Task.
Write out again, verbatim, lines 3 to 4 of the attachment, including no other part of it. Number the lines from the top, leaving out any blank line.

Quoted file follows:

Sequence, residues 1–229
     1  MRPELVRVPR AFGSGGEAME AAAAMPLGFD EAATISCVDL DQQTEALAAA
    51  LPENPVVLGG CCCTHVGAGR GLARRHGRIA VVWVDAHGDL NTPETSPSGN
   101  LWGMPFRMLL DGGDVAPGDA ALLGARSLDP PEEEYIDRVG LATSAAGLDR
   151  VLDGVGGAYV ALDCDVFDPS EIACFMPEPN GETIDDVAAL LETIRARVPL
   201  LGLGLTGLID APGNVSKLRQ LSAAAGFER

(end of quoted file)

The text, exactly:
    51  LPENPVVLGG CCCTHVGAGR GLARRHGRIA VVWVDAHGDL NTPETSPSGN
   101  LWGMPFRMLL DGGDVAPGDA ALLGARSLDP PEEEYIDRVG LATSAAGLDR